“Speak your truth quietly and clearly; and listen to others, even the dull and the ignorant; they too have their story.” -Desiderata
Dear Special Education Teacher:
Back in the fall of 2018, I observed your classroom for my Foundations of Special Education course. We talked to each other warmly and I carefully observed the methodology you used to interact with the disabled students in your class. At the end of the day I thanked you and you returned my thanks. Then you told me to get in touch with you if I had any questions about what I’d observed. I was impressed by how you related to the children and I imagined implementing the same strategies in my own classroom someday. I left thinking that the observation had gone well.
However, a week later, you told my program director that my behavior in your class was so “shocking” and “annoying” that you didn’t want to be in her program anymore. These “shocking” behaviors included yawning (caused by an anti-depressant), walking a few feet farther away from you in the hallway than is typical (caused by misperception of space) asking too many questions (my need for explicit instruction) and my voice being just a little too loud (caused by some executive functioning deficits.) The faculty in my department and I proceeded to have multiple meetings and discussions about the topic, right in the middle of the semester when my schoolwork was at its zenith. Moreover, I received a cryptic email about your complaints immediately following Lasik surgery. I cried for four hours, but somehow I managed to avoid rubbing my eyes. That’s a very fortunate, because having a layer sliced off of your eye with a laser is a big deal; if I had rubbed them, I might have gone blind.
In any case, perhaps this experience can serve as an opportunity for us both to reflect on what’s really important in life. Obviously you don’t know this, but my biological mother died suddenly of cancer in 2016. I was already severely depressed and the news that she was dying pushed me into a psychotic break. When I visited her for the last time, she was frequently in and out of a morphine- induced haze and I, having lost most of my capacity to think rational thoughts, could rarely speak. As I stared catatonically into space with tears running down my face, I desperately wanted her to be well so that we could go shopping and chat the way that we did when I first met her-but of course we would never do that again. Our family had planned to go on a lake trip together someday, but we would never have that experience now. It really, really sucked.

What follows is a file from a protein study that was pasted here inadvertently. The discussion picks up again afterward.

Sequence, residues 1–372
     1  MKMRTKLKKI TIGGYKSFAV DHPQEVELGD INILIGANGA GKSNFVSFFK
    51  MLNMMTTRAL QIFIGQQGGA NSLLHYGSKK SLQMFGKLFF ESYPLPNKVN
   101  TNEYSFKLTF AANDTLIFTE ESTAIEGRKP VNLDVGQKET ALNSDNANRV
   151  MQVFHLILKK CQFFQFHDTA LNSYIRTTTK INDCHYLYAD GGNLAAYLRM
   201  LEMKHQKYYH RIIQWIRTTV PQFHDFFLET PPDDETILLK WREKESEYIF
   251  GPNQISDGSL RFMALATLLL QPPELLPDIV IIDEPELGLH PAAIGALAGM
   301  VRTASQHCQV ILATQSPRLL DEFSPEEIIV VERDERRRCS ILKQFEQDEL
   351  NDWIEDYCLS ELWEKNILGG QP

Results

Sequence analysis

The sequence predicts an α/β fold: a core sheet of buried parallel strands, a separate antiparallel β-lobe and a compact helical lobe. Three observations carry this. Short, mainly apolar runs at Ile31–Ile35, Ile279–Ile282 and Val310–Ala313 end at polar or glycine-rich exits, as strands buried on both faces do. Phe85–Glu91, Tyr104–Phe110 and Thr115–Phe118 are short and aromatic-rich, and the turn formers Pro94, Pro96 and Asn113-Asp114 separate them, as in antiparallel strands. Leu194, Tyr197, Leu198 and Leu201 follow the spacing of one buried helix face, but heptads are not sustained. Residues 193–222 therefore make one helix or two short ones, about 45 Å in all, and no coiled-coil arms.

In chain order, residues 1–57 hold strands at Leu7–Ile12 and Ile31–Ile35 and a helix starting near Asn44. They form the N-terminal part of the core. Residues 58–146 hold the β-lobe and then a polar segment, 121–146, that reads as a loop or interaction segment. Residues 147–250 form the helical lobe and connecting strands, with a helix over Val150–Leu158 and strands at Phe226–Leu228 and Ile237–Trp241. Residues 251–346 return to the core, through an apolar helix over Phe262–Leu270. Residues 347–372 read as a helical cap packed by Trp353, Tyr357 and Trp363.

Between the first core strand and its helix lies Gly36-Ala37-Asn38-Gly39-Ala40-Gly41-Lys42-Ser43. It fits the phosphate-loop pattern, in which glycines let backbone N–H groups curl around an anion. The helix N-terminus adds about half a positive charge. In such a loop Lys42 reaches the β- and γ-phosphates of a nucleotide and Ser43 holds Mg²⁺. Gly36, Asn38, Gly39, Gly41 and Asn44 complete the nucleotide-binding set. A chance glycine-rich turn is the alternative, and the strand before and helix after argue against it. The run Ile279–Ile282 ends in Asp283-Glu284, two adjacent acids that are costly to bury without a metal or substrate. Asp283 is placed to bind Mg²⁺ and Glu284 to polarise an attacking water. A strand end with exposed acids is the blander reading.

Sometimes, life is cruel.
And you’re sad that I yawned.
I’m working on fixing the behavior, I really am. It would make my life easier; who wants to spend their time at the meetings I’ve described when one could be, say, out walking or visiting homeless people? Also, I’d like to have a job, so if not yawning will make that happen, then I’m all for it. Nevertheless, if my yawning means that you don’t want to participate in one of the best Special Education programs in our nation, well, that’s your problem. Indeed, I’m wondering why you are a Special Education teacher at all? If you can’t deal with a disabled adult, then please go take a sabbatical from teaching and remediate your ignorance before you teach disabled children again. Then use your gifts to make their worlds better. The world will be better for it. Other than that, I’m not sure what I can say.
I suppose I might say that I forgive you for putting me at risk of going blind, triggering me and disrupting my semester. I also forgive you for being selfish and petty. I’m willing to give you the benefit of the doubt because disabled children need the evidence-based educational techniques that I saw you use. I’d rather have them have a skilled teacher who was kind of a jerk than have children taught by a “nice” person who was not implementing the strategies that will open doors for them in adulthood. Nevertheless, your beheavior toward disabled adults must change. Otherwise you are helping to maintain a hostile society for the children that you and I care about.